enemy haven across the border in Pakistan, the historical weakness of the Afghan

government, a flourishing drugs trade, little/less developed infrastructure and, if this all is not

enough, a hostile terrain. Between August and October, for the first time, the mean numbers

of daily attacks by rebellious groups have exceeded those in Iraq. Violence in Afghanistan is

climbing to new heights. Senator Obama, during his presidential campaign, was continuously

declaring Afghanistan as the central point in the fight against terrorism. Pentagon is currently

planning to deploy over 20,000 additional troops in Afghanistan. The current number of
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soldiers is 34,000 US and 30,000 NATO troops. Poor infrastructure in Afghanistan is making

the task of deployment more complex. 75-80% Afghans live in rural areas and the insurgency

also is rural-based. Afghanistan has inadequate Army and police to control such a vast

country and for the improvement of their professional attitude American brigades need to

partner with the Afghan forces and perform joint operations. There is great internal

resentment and dissatisfaction with President Hamid Karzai. The issue also gets complicated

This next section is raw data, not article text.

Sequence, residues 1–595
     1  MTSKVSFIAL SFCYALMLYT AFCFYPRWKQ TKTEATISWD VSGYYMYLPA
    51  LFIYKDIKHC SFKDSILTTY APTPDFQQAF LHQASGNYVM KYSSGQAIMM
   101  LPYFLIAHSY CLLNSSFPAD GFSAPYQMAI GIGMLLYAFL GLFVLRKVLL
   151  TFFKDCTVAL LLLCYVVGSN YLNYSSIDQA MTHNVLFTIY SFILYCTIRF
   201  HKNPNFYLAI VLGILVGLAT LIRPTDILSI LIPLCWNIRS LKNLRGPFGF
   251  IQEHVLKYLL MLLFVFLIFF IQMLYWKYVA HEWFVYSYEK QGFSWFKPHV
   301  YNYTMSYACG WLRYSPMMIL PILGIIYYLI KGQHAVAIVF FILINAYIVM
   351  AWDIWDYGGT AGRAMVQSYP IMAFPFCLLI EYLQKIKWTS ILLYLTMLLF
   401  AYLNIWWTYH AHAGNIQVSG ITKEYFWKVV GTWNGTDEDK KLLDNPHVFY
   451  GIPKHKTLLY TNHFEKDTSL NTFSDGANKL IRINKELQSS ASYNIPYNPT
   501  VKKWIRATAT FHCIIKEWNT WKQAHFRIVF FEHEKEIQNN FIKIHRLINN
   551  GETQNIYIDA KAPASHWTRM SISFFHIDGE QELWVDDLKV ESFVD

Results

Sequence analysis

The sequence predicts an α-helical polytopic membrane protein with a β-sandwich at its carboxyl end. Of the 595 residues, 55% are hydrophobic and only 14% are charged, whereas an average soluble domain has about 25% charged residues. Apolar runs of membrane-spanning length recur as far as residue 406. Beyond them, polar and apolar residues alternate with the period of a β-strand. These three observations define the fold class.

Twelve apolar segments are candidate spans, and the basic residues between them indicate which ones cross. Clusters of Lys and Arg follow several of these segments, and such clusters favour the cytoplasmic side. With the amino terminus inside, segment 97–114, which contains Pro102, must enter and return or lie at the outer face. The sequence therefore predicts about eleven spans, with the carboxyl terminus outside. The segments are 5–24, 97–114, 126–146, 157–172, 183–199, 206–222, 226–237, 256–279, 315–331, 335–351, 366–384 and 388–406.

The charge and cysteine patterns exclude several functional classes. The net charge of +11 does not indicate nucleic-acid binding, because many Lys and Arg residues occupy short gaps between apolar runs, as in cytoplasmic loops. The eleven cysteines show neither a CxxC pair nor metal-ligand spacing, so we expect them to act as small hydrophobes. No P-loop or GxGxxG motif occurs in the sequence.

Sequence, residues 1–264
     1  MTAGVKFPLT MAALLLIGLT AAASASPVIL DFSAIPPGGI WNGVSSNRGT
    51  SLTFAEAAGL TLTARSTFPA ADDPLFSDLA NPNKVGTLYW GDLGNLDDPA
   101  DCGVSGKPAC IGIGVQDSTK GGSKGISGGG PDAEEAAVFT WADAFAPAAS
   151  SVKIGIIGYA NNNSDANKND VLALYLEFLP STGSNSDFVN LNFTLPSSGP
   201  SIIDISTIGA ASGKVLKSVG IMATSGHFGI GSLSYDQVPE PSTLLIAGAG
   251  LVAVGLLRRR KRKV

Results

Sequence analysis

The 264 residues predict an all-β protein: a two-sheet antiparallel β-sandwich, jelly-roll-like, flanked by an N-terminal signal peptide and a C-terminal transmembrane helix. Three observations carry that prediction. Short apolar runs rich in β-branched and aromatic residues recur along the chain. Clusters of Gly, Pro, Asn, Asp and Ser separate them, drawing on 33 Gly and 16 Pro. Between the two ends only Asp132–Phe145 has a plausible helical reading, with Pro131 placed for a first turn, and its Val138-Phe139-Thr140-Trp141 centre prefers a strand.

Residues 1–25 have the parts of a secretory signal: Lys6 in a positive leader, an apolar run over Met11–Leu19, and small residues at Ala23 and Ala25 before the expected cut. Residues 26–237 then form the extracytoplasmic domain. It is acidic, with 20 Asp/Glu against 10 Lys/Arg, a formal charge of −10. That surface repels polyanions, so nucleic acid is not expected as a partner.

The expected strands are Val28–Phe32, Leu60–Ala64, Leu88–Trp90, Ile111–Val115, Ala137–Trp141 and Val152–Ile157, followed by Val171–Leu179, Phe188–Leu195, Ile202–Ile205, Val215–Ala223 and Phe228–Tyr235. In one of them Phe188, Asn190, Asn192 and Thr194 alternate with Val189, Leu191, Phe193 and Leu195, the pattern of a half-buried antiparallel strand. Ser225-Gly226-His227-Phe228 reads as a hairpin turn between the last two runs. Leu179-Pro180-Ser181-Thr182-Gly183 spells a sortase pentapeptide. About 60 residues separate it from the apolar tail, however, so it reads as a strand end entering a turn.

by a sanctuary for insurgents across the border in Pakistan. Most of the militants have

little/no motivation to settle with the present Afghan government as they feel that the

government is not a true representative of Afghans and is very weak and it is them on the

winning side. For the success of operation the cooperation from Pakistani military is of much

importance. Afghans have lost the meaning of the concept of a centralized state in recent

times. The need is to develop a “bottom up” approach by involving tribal elders and

community leaders along with religious figures form local councils and they should be given

power and responsibility to keep peace in their areas.

Obama’s election has become a sign of change in US stance on war against terror.

The commitment is still there but the focus has been shifted. Contrary to President Bush’s

belief of Iraq as the center of terror and rebellion, the new President-elect thinks it is

Afghanistan we should focus more on. He is of the opinion that, as the Iraq war was started

on the reports of Saddam’s manufacturing and storing weapons of mass destructions and

dangerous chemical and biological weapons now that Saddam is no more and neither is his

Ba’ath Party in power and the WMD issue has also been swept under carpet, there is no need

for US forces to remain involve in Iraq. Whereas the case in Afghanistan is different,

reportedly Osama bin Laden, Al-Zavahiri and Mulla Omar are still in Afghanistan so the

fight should continue till they are neautralized.
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Works Cited

Bilmes, Linda J.; Stiglitz, Joseph E. The Iraq War Will Cost Us $3 Trillion, and Much More.

Washington Post. Page B01. March 9, 2008. Retrieved December 16, 2008 from



Gordon, Michael R. Military Analysis - Afghan Strategy Poses Stiff Challenge for Obama.

The New York Times. December 1, 2008. Retrieved December 16, 2008 from



Shakespeare, W. Hamlet. Barron's Educational Series. 2001.